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Laura A. Sparks

Relying on select US government Torture Memos, this article develops the term “surveillance time” to highlight the ways in which surveillance practices, in this case within the material confines of post-9/11 detention centers, come to threaten humans’ subjectivities through temporal disruption and manipulation. While surveillance has lately been understood in digital terms, such as in corporations’ data-mining practices and in technologies like facial-recognition software, we should not neglect its material, embodied dimensions. Surveillance time ultimately asks us to reconsider how monitoring and information-harvesting practices blur the boundaries between human bodies and data. Attention to the relationship between torture and surveillance also opens up new possibilities for understanding the now-ubiquitous monitoring strategies integrated into everyday life.

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Introduction

On a 1st Anniversary

Jonathan A. Allan, Chris Haywood, and Frank G. Karioris

-rose-higher-in-three-months-of-covid-19-than-it-did-in-two-years-of-the-great-recession/ . Hollingsworth , Heather , and Marion Renault . 2020 . “ One-Day US Deaths Top 3,000, more than D-Day or 9/11 .” Associated Press , 11 December . https

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Tehmina Pirzada

Muslimness and femininity in comics is sporadic and somewhat limited in nature. Dust, created in the post 9/11 era is a burka-clad Afghan girl who willfully dons the burka and uses her super powers to destroy her enemies. However, Dust still exists within a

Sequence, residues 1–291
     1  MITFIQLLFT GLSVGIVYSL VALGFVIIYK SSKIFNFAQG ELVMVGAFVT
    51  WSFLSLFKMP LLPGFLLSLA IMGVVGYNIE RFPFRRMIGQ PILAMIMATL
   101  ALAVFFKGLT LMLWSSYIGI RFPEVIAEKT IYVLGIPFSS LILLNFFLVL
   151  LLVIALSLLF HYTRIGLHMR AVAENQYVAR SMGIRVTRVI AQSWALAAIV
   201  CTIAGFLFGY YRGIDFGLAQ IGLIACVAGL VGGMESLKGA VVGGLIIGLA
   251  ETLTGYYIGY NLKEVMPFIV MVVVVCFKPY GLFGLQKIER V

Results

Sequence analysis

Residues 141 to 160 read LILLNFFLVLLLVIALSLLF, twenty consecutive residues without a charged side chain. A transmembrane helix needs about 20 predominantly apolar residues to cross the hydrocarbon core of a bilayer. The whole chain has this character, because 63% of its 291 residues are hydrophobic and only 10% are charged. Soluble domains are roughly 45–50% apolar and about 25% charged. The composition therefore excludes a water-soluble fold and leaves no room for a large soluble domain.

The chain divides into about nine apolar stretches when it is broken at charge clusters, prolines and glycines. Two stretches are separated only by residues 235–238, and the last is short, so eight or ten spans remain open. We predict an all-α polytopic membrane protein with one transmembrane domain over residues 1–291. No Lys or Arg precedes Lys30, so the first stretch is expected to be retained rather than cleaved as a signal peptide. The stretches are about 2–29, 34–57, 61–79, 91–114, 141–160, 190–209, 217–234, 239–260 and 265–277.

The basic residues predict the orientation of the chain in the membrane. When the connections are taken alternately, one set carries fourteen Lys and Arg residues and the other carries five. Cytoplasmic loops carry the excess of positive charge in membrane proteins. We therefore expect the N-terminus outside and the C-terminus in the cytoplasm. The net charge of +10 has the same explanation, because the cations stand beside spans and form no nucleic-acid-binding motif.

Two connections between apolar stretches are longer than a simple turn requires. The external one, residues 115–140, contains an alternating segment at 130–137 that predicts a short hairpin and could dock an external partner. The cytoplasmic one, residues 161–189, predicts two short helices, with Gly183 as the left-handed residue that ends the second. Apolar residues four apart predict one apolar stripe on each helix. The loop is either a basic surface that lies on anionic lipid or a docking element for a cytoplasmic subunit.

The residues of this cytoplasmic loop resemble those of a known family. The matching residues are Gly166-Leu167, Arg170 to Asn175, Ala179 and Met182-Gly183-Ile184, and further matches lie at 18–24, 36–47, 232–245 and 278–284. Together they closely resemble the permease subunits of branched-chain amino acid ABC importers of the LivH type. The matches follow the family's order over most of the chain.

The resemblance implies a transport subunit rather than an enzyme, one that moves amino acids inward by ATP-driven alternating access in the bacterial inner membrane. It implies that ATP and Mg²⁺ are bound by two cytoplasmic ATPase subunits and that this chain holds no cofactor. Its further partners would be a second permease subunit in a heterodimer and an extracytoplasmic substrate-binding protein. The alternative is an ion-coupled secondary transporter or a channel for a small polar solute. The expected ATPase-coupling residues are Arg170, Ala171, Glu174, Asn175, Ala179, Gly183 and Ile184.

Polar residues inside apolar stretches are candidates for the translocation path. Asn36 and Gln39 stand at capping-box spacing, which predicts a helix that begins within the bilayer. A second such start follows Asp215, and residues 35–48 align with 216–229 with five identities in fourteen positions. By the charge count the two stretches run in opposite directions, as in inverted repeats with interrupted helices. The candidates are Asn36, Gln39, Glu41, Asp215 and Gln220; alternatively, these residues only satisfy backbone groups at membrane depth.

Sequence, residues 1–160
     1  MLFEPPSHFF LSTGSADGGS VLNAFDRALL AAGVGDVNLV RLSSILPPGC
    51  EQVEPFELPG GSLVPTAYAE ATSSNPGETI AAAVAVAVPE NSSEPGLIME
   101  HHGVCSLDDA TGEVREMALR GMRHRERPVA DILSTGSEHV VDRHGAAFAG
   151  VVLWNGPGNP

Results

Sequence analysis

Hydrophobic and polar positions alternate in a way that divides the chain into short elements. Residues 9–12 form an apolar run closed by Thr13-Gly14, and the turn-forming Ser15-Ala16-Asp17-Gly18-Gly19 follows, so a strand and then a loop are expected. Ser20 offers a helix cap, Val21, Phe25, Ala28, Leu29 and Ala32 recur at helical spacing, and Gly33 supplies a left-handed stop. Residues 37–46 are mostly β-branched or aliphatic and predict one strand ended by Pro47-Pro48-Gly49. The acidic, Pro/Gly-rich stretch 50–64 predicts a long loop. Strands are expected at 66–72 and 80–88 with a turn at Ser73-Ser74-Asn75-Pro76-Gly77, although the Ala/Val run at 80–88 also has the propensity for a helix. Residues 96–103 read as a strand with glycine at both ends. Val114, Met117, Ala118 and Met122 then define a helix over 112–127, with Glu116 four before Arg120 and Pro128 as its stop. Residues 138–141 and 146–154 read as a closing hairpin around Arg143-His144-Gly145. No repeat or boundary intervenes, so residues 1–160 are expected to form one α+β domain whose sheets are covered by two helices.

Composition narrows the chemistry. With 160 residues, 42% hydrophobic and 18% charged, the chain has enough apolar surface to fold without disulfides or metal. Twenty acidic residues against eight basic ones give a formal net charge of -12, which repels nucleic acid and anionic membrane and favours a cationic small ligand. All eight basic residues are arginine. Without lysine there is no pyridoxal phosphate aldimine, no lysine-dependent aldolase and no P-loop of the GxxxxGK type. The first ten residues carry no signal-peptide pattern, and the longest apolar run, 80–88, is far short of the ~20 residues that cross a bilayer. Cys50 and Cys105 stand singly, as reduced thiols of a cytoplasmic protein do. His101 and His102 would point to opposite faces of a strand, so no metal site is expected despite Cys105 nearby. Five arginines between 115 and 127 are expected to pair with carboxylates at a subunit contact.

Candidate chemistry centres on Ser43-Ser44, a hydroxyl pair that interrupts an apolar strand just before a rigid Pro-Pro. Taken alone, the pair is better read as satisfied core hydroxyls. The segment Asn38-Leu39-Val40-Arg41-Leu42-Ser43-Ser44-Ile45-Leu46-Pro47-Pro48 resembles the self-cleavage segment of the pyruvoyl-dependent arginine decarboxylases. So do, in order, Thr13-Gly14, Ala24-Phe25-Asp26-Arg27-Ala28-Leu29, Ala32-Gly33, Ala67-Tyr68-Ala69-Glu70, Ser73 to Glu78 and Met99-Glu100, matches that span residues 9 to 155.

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Sade for Sade's Sake

Inside Paul Chan's Transmedial Laboratory

Olivier Delers

backdrop of S/M images, but also highly referential, for instance when Colin Powell contributes a text on friendship that he borrows from Maurice Blanchot. 3 While Chan's work falls squarely in the category of post-9/11 art, it also gestures toward the

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Jane M. Kubiesa, Looi van Kessel, Frank Jacob, Robert Wood, and Paul Gordon Kramer

engagement and disengagement, which corresponds to any relationship. Caron invites us to consider HIV in terms of relationalities created by other kinds of public traumas: 9/11, the ongoing debate in France regarding the legality of wearing the hijab in

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“This Is My Story”

The Reclaiming of Girls’ Education Discourses in Malala Yousafzai’s Autobiography

Rosie Walters

of her autobiography. Her story resonated in the West in a post-9/11 context of “save the Muslim girl” stories ( Sensoy and Marshall 2010: 309 ; see also Yaqin 2013 ). Leigh Gilmore and Elizabeth Marshall write, “The ‘veiled’ brown girl in need of